The past summer was huge for Webmaker: our newly redesigned site began to operate as a central hub for all our tools; the integrity of our site was tested at 1600 separate events around the world; 30,000 users signed up and we quickly learned where our weak spots lay. And then John Cusack told a million people to help break the Internet with us.
Now, after months of focused work, several rounds of user testing and a good hard analysis of our early adopting users, we’ve arrived at a clear understanding of who Webmaker currently serves. The answer (drumroll, please) is mentors - passionate educational activists who love to share the joy of making on the web. This blog will summarize all that’s happened over the past few months and where we’re headed next.
Let’s start with the big picture
Our mission with Webmaker has always been to empower people to evolve from consuming the web to creating it. “The Front Lines of Participatory Culture” is how Mozilla’s Chris Lawrence has often described the work.
Our hypothesis set things in motion
We built the current incarnation of Webmaker.org to rapidly test the following hypothesis:
With this in mind, we did two things:
- We created a set of Starter Makes - remixable postcards, comic books, recipes, posters, etc.-and then waited to see what people would make.
- We gathered a group of our earliest, most enthusiastic users who had a keen interest in sharing their skills (we called them mentors) and tasked them with providing value to the educators, edupunks and makers who were active in their communities. These mentors ran events, creating curricula and advocated for new approaches to learning. We created webmaker.org/teach to feature resources this community could use, and webmaker.org/events for them to find one another.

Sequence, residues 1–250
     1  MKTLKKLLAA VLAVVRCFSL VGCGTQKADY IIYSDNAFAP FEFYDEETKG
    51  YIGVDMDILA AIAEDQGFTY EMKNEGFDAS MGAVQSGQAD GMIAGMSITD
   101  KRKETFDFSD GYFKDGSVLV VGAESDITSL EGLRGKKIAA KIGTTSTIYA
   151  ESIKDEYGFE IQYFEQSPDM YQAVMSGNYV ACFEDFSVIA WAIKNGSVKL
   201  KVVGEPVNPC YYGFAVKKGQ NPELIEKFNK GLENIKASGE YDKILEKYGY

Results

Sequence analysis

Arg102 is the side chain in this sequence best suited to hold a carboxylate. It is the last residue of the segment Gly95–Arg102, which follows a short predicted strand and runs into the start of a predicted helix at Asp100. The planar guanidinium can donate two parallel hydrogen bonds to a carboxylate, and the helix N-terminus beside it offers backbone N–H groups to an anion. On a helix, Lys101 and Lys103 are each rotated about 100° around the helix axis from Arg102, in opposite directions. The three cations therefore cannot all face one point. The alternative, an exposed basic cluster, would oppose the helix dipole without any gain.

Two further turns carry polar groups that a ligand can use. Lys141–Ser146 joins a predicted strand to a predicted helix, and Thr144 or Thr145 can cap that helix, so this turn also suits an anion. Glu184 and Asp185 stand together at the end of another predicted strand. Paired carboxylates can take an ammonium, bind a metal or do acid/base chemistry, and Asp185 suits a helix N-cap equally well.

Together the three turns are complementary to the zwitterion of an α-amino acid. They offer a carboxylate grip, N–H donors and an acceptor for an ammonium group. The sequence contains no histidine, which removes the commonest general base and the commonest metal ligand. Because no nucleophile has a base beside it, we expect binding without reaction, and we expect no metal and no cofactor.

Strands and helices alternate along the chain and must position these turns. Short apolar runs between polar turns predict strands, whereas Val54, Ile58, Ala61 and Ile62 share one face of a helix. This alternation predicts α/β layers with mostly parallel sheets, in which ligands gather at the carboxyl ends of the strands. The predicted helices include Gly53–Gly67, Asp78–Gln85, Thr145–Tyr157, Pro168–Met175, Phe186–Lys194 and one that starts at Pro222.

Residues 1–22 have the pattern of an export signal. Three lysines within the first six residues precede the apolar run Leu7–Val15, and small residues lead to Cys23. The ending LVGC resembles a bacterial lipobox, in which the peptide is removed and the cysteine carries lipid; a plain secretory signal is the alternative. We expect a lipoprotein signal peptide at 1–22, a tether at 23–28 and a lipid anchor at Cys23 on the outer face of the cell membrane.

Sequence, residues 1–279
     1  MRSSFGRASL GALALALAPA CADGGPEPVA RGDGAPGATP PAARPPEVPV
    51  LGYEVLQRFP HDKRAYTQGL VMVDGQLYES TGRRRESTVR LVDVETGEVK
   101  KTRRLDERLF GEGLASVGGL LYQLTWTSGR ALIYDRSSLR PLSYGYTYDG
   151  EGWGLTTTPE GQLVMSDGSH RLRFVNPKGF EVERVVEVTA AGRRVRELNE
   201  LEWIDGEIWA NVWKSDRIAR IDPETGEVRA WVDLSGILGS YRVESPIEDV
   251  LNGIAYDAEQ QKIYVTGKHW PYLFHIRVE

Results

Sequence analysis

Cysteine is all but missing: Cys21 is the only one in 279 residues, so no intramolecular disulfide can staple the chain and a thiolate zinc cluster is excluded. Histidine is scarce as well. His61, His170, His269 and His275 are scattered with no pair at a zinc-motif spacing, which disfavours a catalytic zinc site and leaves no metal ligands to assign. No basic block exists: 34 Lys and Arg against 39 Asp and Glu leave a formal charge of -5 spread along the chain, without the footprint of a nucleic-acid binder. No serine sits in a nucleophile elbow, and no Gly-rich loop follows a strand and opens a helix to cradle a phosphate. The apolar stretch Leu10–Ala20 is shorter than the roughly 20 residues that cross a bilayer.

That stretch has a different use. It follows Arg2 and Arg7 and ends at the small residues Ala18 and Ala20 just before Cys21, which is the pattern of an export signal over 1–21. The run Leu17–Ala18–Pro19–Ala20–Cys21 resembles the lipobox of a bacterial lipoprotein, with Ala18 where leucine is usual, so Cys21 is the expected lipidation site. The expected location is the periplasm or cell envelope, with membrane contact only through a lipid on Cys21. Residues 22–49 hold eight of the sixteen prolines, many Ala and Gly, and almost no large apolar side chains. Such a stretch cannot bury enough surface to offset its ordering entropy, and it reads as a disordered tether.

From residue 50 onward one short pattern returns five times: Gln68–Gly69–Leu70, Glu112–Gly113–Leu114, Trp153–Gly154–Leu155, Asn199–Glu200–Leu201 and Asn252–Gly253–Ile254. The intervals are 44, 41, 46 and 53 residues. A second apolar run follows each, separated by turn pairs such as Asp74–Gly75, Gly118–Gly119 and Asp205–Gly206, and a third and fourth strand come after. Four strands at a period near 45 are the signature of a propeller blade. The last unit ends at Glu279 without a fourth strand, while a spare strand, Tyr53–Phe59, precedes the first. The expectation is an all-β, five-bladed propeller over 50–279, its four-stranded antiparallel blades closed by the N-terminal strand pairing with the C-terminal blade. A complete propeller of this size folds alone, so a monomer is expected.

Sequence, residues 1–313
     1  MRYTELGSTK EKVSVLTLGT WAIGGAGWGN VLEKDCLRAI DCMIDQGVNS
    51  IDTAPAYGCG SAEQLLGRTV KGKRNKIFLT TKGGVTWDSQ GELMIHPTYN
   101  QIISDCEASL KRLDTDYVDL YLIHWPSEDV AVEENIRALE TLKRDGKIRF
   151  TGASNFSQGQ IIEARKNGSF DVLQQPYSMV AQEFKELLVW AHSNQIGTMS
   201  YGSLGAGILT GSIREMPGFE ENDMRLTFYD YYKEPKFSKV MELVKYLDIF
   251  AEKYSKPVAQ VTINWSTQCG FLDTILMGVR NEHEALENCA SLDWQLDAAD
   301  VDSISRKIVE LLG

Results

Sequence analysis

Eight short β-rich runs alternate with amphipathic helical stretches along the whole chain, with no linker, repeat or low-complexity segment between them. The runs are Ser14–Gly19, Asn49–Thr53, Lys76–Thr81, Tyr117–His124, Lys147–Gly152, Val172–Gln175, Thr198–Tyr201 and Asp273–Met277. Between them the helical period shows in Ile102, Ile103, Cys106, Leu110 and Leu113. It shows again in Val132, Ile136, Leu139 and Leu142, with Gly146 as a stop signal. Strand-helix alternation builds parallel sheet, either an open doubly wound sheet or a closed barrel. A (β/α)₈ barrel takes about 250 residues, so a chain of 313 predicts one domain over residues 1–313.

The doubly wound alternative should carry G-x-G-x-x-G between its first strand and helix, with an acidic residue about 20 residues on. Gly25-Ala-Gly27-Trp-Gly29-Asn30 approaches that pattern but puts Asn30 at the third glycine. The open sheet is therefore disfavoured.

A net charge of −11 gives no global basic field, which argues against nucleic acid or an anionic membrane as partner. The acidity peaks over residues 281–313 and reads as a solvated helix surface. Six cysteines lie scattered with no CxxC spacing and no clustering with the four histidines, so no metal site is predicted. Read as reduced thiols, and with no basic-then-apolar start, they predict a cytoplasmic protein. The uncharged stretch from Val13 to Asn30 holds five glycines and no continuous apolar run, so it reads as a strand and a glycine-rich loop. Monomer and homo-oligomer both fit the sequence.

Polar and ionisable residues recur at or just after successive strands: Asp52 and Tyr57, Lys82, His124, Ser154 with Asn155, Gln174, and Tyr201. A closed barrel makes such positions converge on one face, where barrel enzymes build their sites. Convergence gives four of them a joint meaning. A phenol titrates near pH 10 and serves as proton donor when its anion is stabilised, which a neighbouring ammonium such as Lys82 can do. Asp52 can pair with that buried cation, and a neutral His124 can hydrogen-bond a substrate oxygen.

This day was big. Our re-designed site went live and Mark Surman threw open the doors, telling our users: "we want you to break things". We kicked off our three-month Maker Party, realizing that it would serve as a real-world user testing lab for our site and our hypothesis.
We saw approximately 5,000 users sign up immediately. Presumably these were existing users of our tools, but it was an exciting start. Leading into July, traffic was modest with 4,000-6,000 visitors every day. We didn’t reach out to the press and our marketing consisted of a single blog post. We didn’t want the entire world to arrive. Instead, we focused entirely on our first users.
Throughout July, the Maker Party was building momentum. Events were popping up daily in an impressive variety of locales, and contributors were transferring their passion and knowledge to their local communities. Seeing people run Maker Parties in small shops, orphanages, community centres and universities was an eye-opening experience for those that built Webmaker. No longer were our users ethereal people we hoped to win over; now they were real humans with names, jobs and experiences to offer.
Getting to know our users
We sent out a survey to Maker Party participants and 300 people responded with comments on our interface, our content and their general impressions of webmaker.org. While we were mindful of some confirmation bias, we were buoyed by the results.
"My first impression is of one big playground!" - a survey respondeeHard data confirmed what we’d been hearing anecdotally: while users had an immediate positive affiliation with the design and interface, they were not always clear on the purpose of the site.